I headed up to the North-West last weekend for some wildfowl action. This Cackling Goose in the Lissadell Goose field/Ballygilgan Nature Reserve in County Sligo on Saturday morning was the first good bird of the day. This flock of Barnacle Geese has attracted numerous Cackling and a few wild Canada Geese over recent years and is probably the best spot in the country for both species.
This particular individual lacked a gular strap but had a good white patch to the front at the base of the black neck sock. These features seem to be very variable within so called races (hutchinsii
in this case). Overall size, body and bill structure are probably better features to rely on rather than plumage features. The whole taxonomy of Cackling and Canada Geese has been up in the air since day one. I can see a day when all the races which are recognised by us today will be completely overhauled in time to come.
Video of the Cackling Goose here http://vimeo.com/111670583
|No gular strap.|
|Nice white patch at the front of the base of the neck.|
|Phone pic, note how stubby the bill is.|
I headed up to Donegal afterwards. A quick look from the car park just off the Letterkenny - Derry road down onto Big Isle produced a few hundred Greylag and Greenland White-fronts. As usual you are at long distance from the birds from this spot.
Just up the road from here is the usual productive Blanket Nook. Best there was a male Green-winged Teal in with decent numbers of Eurasian Teal, Eurasian Wigeon and Mallard. Female Long-tailed Duck, a handful of Greater Scaup, two Kingfishers and a very confiding Otter also present. I also had an interesting adult large gull off the causeway here. It spent most of its time hawking over the water and after a while caught a starfish after diving into the water after it. With a little bit of effort it finally managed to swallow it. It had very restricted black markings on the outer primaries and closely resembled a Kumlien's/Thayer's. Such a bird has been claimed here in the last two years and is probably the same individual. I think it may actually be a Glaucous x Herring hybrid. While the upperparts were a paler grey compared to accompanying Herrings, the bill was brightly coloured, it was bigger than the Herring Gulls and the bird appeared rather pot bellied.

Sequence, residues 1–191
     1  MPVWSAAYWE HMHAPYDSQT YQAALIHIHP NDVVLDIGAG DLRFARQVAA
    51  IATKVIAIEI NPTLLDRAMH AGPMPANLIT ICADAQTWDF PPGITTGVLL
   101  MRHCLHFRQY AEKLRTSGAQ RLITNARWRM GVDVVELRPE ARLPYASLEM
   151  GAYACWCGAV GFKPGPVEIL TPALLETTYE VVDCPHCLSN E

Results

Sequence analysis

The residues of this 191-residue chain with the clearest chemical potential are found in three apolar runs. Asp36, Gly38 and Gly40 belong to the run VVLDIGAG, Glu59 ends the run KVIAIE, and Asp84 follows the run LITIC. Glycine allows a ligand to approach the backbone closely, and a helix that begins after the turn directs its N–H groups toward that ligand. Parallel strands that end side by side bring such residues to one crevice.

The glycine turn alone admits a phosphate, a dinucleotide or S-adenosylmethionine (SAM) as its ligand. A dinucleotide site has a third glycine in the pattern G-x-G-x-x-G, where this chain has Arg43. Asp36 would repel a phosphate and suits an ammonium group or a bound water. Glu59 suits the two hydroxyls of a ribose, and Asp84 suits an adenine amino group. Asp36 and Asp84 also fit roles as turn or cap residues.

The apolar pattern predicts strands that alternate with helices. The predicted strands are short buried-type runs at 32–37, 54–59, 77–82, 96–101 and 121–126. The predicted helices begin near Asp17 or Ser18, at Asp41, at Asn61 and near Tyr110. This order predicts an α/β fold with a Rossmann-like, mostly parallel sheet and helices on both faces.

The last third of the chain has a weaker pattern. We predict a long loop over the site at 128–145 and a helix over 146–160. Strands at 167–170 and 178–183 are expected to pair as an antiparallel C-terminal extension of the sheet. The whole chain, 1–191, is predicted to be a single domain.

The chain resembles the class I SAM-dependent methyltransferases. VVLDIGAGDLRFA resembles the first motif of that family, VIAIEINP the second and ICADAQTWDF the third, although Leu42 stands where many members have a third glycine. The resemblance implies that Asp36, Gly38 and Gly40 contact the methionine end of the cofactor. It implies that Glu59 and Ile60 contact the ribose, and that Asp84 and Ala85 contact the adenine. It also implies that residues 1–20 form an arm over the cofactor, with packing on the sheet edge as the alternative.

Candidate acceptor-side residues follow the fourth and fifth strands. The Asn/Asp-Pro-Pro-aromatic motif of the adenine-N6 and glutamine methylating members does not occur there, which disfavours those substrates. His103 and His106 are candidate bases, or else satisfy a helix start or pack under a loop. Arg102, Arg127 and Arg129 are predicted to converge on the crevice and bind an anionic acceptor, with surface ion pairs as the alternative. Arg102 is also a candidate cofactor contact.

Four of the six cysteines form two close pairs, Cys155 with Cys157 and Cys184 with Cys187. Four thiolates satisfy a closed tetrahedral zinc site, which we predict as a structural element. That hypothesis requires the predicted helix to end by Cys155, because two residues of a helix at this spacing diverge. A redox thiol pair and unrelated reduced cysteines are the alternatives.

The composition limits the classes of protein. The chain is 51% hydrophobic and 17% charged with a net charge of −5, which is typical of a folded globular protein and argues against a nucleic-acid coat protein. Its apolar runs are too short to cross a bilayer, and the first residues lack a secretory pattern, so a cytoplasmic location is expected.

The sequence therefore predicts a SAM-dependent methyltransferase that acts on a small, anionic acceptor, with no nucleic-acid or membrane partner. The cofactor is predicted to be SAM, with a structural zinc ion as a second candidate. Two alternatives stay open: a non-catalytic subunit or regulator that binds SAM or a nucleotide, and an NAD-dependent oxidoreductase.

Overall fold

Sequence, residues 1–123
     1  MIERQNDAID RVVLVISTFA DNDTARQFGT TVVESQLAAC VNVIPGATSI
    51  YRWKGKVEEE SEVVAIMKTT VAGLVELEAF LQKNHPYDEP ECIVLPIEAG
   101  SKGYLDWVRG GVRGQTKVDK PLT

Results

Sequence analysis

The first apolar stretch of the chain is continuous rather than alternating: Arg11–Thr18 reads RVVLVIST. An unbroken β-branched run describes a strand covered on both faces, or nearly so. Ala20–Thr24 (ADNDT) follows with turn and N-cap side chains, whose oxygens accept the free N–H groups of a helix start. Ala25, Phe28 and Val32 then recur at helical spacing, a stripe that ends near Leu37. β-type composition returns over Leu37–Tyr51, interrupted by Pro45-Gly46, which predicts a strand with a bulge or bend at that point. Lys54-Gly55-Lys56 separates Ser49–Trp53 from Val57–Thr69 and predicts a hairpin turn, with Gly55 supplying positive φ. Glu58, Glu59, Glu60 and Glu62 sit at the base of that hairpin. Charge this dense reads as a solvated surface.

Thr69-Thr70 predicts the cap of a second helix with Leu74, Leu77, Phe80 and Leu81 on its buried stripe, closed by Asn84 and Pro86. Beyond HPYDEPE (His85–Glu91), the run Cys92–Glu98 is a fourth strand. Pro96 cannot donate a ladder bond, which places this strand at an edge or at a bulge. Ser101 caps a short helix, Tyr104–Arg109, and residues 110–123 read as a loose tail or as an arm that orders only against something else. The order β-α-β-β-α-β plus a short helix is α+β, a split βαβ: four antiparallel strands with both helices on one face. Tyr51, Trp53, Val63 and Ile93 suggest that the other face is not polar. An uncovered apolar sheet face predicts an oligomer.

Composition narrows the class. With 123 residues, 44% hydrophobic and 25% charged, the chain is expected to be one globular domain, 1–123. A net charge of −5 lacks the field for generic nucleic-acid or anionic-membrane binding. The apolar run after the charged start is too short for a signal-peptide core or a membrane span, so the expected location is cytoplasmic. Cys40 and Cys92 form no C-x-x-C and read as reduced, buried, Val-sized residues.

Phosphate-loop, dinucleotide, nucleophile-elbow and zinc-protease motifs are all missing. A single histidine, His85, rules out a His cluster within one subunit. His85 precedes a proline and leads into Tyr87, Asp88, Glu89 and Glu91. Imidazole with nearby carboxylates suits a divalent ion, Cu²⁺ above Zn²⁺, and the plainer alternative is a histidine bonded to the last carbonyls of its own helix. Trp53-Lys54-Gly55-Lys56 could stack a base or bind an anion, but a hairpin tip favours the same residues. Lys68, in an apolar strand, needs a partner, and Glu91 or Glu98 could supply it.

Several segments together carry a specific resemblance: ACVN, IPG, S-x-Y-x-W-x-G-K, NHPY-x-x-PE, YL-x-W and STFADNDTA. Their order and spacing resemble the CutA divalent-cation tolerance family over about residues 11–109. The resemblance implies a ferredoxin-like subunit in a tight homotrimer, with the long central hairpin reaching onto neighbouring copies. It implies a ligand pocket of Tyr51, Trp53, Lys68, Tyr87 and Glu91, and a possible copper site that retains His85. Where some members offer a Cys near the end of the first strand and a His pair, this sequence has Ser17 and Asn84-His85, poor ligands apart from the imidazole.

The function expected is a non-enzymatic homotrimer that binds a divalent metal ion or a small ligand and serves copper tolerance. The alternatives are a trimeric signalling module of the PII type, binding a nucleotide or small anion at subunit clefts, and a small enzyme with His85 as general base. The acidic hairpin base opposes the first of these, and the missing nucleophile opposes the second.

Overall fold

I spent the last few hours of the day at Inch Lough. A huge amount of work has gone into this spot mainly done by the local Conservation Ranger Andrew Speer. It's now possible to circumnavigate the entire lake on well maintained paths http://inchlevels.businesscatalyst.com/inch-levels
. Three bird hides with three car parks have also been installed. I just about managed to find a space in the pump house car park. The site seems to have become very popular with locals for walks on the weekends but this doesn't seem to have affected the birds in anyway. The numbers of Whooper Swans and geese in the surrounding fields seem to have trailed off even at this early stage of the winter. One Pink-footed Goose and one Ruff were the best seen in the environs.
|Inch Wildfowl Reserve|
|Inch Wildfowl Reserve|
Good to see you catching up with a Cackler. Not sure if I share your confidence that its hutchinsii. Several features (even within variation) seem a bit off to me - upperparts lack silvery or frosty appearance and broad white fringes but, perhaps more importantly head and bill shape don't seem consistent with hutchinsii which should have a more 'boxy' head shape with a steeper forehead. Your bird seems to show the classic 'roman nose' head/bill shape of Taverner's. Notice how the forehead slopes seemlessly into the upper mandible. I recommend probing a bit more deeply into Taverner's id....your bird is approaching a Tav in overall appearance.
Hi James, thanks for the comments. You make a good point about the bill & head shape which aren't classic Richardsons but the fact that it was smaller than the accompanying Barnacles and a lack of a gular stripe seem to be at odds for a Taverners. We just undertook a review of all apparent wild Canada and Cackling Geese records here in Ireland and although there are five claims of Taverners here, we came to the conclusion that we couldn't fully assign these to Taverner. There seems to be no overall agreement as to what exactly a classic Taverner such look like in the States (Steve Mlidinow, Alvaro Jaramillo & David Sibley all consulted). If the Americans aren't 100% sure it's going to be very difficult to fully assign races to lone out of range individuals here!. For now they are probably best left as Cackling Geese. Have a look at the below link.Delete